United States District Court, W.D. Michigan, Southern Division
L. MALONEY United States District Judge.
a social security action brought under 42 U.S.C. §
405(g) seeking judicial review of a final decision by the
Commissioner of the Social Security Administration
(Commissioner) denying Plaintiff's claim for disability
insurance benefits (DIB) and supplemental security income
(SSI) under Titles II and XVI of the Social Security Act.
Section 405(g) limits the Court to a review of the
administrative record, and provides that if the
Commissioner's decision is supported by substantial
evidence, it shall be conclusive. The Commissioner has found
that Plaintiff is not disabled within the meaning of the Act.
scope of judicial review in a social security case is limited
to determining whether the Commissioner applied the proper
legal standards in making her decision and whether there
exists in the record substantial evidence supporting that
decision. See Brainard v. Sec'y of Health & Human
Servs., 889 F.2d 679, 681 (6th Cir. 1989). The Court may
not conduct a de novo review of the case, resolve
evidentiary conflicts, or decide questions of credibility.
See Garner v. Heckler, 745 F.2d 383, 387 (6th Cir.
1984). It is the Commissioner who is charged with finding the
facts relevant to an application for disability benefits, and
her findings are conclusive provided they are supported by
substantial evidence. See 42 U.S.C. § 405(g).
evidence is more than a scintilla, but less than a
preponderance. See Cohen v. Sec'y of Health &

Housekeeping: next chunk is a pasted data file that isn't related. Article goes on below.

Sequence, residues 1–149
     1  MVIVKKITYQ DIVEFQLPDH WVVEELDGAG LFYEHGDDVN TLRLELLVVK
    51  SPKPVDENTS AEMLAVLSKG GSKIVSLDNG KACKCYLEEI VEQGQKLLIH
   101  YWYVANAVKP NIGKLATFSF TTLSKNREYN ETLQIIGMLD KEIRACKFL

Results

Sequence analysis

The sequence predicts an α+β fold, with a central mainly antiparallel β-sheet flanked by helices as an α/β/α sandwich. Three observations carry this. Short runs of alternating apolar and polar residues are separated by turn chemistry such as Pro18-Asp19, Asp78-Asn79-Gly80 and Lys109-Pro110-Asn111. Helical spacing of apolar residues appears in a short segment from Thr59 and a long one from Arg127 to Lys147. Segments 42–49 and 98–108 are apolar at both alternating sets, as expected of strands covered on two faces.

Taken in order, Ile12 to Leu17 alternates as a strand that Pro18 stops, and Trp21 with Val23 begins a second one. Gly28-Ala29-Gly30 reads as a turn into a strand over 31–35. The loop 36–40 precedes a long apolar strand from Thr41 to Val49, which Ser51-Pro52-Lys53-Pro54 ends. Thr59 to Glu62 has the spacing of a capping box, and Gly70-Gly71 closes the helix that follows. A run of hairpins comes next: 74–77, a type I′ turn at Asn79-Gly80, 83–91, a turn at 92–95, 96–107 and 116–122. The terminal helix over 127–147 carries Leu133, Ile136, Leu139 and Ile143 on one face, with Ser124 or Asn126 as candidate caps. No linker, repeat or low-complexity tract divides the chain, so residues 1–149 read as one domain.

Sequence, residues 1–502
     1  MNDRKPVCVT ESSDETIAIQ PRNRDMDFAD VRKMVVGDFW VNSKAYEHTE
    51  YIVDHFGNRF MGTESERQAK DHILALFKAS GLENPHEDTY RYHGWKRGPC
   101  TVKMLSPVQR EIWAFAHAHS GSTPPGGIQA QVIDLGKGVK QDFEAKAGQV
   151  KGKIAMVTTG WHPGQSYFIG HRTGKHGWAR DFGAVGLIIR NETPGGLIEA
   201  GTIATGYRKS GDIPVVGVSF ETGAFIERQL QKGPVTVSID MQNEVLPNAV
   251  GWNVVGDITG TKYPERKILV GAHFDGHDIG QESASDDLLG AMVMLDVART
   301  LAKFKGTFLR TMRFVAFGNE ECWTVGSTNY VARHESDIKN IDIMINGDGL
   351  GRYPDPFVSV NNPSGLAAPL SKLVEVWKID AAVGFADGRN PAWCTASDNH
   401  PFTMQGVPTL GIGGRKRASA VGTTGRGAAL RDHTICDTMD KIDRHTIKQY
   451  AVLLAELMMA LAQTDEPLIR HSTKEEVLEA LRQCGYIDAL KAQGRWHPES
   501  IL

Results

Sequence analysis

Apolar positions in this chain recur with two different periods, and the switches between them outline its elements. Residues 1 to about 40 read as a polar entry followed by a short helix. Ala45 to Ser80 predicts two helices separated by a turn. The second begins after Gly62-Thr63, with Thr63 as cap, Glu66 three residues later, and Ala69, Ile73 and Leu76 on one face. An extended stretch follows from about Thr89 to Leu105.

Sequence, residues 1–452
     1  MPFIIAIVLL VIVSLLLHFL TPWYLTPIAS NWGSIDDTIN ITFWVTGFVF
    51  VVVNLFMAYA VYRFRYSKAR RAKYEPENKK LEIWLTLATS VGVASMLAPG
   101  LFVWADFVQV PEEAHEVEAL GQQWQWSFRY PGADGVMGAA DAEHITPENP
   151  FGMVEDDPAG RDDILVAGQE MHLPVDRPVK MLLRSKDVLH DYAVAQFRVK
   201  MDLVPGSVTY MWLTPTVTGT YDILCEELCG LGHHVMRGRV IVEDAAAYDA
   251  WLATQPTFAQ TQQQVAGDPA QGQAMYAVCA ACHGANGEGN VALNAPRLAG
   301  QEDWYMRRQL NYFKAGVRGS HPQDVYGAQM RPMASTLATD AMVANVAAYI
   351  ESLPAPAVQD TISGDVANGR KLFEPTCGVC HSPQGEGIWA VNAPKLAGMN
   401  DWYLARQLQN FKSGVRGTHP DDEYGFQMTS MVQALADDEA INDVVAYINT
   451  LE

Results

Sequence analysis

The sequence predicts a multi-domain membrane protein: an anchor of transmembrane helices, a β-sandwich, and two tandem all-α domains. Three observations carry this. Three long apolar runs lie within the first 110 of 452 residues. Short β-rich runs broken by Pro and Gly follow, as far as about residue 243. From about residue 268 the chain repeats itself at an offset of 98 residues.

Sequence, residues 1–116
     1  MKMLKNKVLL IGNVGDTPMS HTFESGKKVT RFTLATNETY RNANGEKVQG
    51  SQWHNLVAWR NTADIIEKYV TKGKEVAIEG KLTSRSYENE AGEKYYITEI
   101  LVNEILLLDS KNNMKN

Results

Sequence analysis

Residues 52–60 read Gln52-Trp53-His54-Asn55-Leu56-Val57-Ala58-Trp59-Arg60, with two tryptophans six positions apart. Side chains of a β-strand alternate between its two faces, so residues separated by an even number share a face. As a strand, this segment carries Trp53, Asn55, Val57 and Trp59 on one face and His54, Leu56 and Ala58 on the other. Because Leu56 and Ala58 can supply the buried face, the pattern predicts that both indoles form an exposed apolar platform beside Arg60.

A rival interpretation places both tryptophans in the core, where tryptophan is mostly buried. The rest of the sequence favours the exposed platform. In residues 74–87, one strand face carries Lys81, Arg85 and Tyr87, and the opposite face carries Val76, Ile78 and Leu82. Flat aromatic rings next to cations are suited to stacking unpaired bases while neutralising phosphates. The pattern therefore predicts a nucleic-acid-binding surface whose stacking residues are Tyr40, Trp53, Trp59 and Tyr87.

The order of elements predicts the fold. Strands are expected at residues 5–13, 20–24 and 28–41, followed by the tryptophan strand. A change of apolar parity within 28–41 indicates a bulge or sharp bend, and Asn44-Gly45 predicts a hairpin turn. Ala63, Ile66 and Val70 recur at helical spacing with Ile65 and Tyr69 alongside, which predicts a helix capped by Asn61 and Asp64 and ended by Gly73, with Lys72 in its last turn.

Human Servs., 964 F.2d 524, 528 (6th Cir. 1992)
(citations omitted). It is such relevant evidence as a
reasonable mind might accept as adequate to support a
conclusion. See Richardson v. Perales, 402 U.S. 389,
401 (1971); Bogle v. Sullivan, 998 F.2d 342, 347
(6th Cir. 1993). In determining the substantiality of the
evidence, the Court must consider the evidence on the record
as a whole and take into account whatever evidence in the
record fairly detracts from its weight. See Richardson v.
Sec'y of Health & Human Servs., 735 F.2d 962,
963 (6th Cir. 1984). The substantial evidence standard
presupposes the existence of a zone within which the decision
maker can properly rule either way, without judicial
interference. See Mullen v. Bowen, 800 F.2d 535, 545
(6th Cir. 1986) (citation omitted). This standard affords to
the administrative decision maker considerable latitude, and
indicates that a decision supported by substantial evidence
will not be reversed simply because the evidence would have
supported a contrary decision. See Bogle, 998 F.2d
at 347; Mullen, 800 F.2d at 545.
was thirty-one years of age on the date of the ALJ's
decision. (PageID.37, 118, 131.) He previously obtained a GED
and has been employed as a material handler and as an
assembler / production. (PageID.64, 68.) Plaintiff applied
for benefits on December 19, 2012, alleging that he had been
disabled since January 30, 2009, due to depression and severe
social anxiety. (PageID.118, 131, 238-250.) This application
was denied upon initial review on June 11, 2013, after which
time Plaintiff requested a hearing before an ALJ.
(PageID.149-174.) On September 18, 2014, Plaintiff appeared
with his counsel before ALJ James Prothro for an
administrative hearing at which time Plaintiff, Dr. Jeffrey
Andert (a psychological expert), and a vocational expert (VE)